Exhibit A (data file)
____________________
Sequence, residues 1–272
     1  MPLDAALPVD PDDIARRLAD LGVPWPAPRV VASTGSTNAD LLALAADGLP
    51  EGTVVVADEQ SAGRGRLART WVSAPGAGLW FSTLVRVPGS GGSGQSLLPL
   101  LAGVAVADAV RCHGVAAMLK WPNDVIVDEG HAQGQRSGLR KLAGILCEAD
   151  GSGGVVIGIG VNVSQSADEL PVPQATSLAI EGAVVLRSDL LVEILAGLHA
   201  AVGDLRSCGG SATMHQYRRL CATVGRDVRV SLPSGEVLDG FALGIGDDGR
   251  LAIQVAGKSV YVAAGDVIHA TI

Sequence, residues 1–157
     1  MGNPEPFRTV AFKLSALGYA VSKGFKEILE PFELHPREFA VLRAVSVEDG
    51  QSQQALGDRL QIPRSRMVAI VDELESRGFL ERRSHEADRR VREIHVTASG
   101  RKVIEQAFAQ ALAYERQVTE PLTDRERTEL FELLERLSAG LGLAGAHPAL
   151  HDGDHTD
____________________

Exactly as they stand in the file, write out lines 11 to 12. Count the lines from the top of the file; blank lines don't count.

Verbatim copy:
   101  RKVIEQAFAQ ALAYERQVTE PLTDRERTEL FELLERLSAG LGLAGAHPAL
   151  HDGDHTD